learning. A common theme between the methods that
have proven to be most beneficial is that they all present 2.4 Combined techniques
difficulties and challenges to the learner.[3] Compared
with traditional easier learning methods, they appear to Combining desirably difficult techniques in the right ways
make learning slower. The traditional easy tasks often can be beneficial. For example, the 3R technique involves


reading a piece of text, reciting the text without look- hancing human performance.
ing, and then reviewing the text again (3R = read-recite-
[2] Marsh, E. J.; Butler, A. C. (2014). Memory in educational
review). In one experiment, students who used this task
settings. Chapter in D. Reisberg (Ed.) Oxford Handbook of
performed better than those who simply reread the text.[2] Cognitive Psychology. pp. 299–317.
This method takes advantage of two desirable difficulties.
The first is that recalling what is written in the text takes [3] Bjork, R. A. (1994). Memory and metamemory consid-
considerably more effort than rereading. The second is erations in the training of human beings. In J. Metcalfe
that during the review stage, students are actively looking and A. Shimamura (Eds.), Metacognition: Knowing about
for feedback rather than passively receiving feedback in knowing. pp. 185–205.
other ways. [4] Bjork, Robert A.; Schmidt, Richard A. (1992). “New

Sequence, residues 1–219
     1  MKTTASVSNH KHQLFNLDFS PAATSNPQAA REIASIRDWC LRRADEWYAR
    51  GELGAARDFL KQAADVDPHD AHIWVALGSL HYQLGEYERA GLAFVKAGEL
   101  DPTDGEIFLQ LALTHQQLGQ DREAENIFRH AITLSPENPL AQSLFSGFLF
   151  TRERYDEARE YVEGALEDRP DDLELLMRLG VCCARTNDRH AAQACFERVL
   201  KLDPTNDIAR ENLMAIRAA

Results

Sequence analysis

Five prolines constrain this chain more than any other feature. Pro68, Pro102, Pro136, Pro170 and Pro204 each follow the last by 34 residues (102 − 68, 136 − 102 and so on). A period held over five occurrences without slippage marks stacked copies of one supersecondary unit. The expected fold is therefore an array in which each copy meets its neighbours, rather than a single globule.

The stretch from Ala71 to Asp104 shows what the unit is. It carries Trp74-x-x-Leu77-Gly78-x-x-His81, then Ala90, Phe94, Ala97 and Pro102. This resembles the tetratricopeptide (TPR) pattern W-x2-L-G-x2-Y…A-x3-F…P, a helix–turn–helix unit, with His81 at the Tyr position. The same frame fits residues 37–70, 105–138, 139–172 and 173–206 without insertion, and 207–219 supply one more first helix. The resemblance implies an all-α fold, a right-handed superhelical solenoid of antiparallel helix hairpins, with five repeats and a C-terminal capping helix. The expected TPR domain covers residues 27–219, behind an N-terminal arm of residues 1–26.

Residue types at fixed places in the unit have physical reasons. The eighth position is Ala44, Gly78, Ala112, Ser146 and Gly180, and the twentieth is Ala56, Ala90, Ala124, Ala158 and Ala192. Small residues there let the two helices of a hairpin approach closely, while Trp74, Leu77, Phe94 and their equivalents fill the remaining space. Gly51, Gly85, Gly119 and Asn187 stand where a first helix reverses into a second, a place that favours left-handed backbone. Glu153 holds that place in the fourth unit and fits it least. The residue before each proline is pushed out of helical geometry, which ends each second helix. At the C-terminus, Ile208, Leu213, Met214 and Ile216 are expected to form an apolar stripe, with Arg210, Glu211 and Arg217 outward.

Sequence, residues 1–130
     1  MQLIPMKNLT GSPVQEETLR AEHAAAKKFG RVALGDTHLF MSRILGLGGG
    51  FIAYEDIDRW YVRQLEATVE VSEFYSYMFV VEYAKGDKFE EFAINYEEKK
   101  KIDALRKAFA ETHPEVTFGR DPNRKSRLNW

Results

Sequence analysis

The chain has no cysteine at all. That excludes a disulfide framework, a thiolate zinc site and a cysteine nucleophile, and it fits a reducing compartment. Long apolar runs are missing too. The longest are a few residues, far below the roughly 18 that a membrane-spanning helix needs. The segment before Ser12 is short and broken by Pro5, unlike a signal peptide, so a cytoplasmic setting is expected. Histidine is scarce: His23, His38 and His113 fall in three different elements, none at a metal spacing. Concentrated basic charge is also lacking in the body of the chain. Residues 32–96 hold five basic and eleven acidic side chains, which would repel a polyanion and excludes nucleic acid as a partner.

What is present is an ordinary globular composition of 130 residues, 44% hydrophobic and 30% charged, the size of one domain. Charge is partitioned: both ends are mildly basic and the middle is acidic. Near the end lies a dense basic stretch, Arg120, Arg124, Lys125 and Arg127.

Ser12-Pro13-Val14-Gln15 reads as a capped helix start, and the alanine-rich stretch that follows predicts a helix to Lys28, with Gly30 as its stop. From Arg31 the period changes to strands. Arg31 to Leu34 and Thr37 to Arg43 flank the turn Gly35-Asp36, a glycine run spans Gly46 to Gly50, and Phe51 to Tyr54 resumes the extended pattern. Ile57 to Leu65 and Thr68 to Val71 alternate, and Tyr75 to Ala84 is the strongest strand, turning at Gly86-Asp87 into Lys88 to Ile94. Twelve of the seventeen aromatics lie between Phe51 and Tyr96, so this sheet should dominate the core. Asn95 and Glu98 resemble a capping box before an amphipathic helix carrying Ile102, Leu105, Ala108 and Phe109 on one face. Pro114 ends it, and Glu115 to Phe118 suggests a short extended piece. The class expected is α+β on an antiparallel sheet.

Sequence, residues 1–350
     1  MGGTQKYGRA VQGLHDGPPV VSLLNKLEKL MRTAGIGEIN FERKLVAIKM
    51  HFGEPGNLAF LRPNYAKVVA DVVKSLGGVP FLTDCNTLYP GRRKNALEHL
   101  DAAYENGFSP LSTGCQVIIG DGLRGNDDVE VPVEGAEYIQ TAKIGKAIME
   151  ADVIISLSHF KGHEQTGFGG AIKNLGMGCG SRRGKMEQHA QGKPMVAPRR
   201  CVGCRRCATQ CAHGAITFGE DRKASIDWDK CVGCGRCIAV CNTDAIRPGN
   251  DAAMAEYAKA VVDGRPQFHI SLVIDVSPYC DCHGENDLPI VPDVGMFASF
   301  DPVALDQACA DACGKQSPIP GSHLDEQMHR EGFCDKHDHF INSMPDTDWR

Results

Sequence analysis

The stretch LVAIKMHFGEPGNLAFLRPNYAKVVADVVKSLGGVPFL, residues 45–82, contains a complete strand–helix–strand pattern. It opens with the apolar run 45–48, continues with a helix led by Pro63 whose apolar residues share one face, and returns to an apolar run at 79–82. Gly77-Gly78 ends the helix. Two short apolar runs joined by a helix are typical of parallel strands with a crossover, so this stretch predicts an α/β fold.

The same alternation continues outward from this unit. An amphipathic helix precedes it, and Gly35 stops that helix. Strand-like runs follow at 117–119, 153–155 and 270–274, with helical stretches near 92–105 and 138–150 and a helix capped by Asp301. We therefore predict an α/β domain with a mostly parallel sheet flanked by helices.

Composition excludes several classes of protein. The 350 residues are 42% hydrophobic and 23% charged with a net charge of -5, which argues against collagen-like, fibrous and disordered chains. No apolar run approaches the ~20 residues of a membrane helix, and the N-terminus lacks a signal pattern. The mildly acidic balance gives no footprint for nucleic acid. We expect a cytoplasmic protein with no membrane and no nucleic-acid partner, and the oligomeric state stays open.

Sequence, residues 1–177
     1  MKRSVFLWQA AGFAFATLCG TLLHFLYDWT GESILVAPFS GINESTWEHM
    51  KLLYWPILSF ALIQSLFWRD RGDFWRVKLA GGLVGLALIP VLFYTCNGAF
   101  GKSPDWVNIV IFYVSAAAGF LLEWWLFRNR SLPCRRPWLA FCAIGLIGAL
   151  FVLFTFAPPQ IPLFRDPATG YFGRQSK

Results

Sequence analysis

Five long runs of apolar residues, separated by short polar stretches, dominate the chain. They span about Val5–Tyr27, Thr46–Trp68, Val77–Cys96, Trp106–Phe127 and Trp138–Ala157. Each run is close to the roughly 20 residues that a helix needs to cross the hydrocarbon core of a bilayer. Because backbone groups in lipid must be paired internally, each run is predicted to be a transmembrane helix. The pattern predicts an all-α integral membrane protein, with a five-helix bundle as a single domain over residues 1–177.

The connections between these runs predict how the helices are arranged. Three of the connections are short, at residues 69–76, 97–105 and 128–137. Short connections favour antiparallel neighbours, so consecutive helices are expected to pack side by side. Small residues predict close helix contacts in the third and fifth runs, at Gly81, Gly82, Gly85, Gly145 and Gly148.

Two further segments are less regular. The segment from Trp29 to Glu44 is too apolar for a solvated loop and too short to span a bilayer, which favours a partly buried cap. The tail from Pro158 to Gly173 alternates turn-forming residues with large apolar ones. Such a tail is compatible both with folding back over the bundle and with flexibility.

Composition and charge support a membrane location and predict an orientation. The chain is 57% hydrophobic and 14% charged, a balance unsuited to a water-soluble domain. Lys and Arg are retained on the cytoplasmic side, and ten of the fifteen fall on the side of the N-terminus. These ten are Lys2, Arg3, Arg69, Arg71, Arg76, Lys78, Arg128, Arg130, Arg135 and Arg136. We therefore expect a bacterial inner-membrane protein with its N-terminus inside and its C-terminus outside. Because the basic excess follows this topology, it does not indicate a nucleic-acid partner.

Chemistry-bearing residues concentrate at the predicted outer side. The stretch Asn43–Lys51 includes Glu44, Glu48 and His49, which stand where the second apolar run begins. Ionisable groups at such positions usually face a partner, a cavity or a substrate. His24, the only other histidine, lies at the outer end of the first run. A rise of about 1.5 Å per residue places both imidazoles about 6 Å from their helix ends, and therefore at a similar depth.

Conceptualizations of Practice: Common Principles in
Three Paradigms Suggest New Concepts for Training”.
3 Implications American Psychological Society.

3.1 For students

Students can easily incorporate these techniques into their
everyday studying habits to increase their memory ca-
pacity. For example, instead of reading material, test-
ing yourself with flashcards will harness the testing effect.
The spacing effect and interleaving can be accomplished
by studying multiple subjects, spending time on one then
taking a break studying another subject before returning
to the original subject. This enforces interleaving by mix-
ing several subjects while also spacing out the studying
over different intervals.

3.2 For teachers

Teachers and professors can utilize spacing by including

problems on past topics throughout different homework
assignments. They can also utilize the test-a-day method
to enforce the testing effect, by requiring students to con-
sistently recall information. Delaying feedback on tests
and quizzes is also beneficial, but as long as it is not de-
layed so long that the students do not read the feedback.
One issue with a majority of current research is that it
occurs over a short time span such as a few hours to
a couple of days; however, teachers and professors are
more interested in ensuring the material they teach re-
mains long term. Through the study people’s recollec-
tion of high school Spanish words, Harry Bahrick was
able to show that a considerable portion of information
learned in a particular class is remember throughout a
person’s life and is known as permastore.[1][2] Bahrick
found that spaced post-study sessions promoted perma-
store for Spanish vocabulary, and likewise, Landauer and
Ainslie found that the testing effect increased scores on
the information over a year later.[2] The long term effect
over decades is still unknown and being researched.

4 References
[1] Bjork, R.A. (1994). “Institutional Impediments to Ef-
fective Training”. Learning, remembering, believing: En-

5 Text and image sources, contributors, and licenses